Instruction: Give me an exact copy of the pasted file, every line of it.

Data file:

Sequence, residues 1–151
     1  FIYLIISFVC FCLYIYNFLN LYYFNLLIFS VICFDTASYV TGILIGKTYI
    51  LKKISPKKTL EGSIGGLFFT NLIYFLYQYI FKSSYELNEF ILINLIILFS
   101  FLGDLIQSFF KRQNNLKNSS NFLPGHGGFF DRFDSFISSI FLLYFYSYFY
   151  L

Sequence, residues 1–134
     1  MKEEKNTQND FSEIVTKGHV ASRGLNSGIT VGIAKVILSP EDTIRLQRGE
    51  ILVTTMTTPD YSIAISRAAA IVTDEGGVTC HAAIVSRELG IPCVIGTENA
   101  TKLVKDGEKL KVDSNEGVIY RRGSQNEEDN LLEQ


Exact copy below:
Sequence, residues 1–151
     1  FIYLIISFVC FCLYIYNFLN LYYFNLLIFS VICFDTASYV TGILIGKTYI
    51  LKKISPKKTL EGSIGGLFFT NLIYFLYQYI FKSSYELNEF ILINLIILFS
   101  FLGDLIQSFF KRQNNLKNSS NFLPGHGGFF DRFDSFISSI FLLYFYSYFY
   151  L

Sequence, residues 1–134
     1  MKEEKNTQND FSEIVTKGHV ASRGLNSGIT VGIAKVILSP EDTIRLQRGE
    51  ILVTTMTTPD YSIAISRAAA IVTDEGGVTC HAAIVSRELG IPCVIGTENA
   101  TKLVKDGEKL KVDSNEGVIY RRGSQNEEDN LLEQ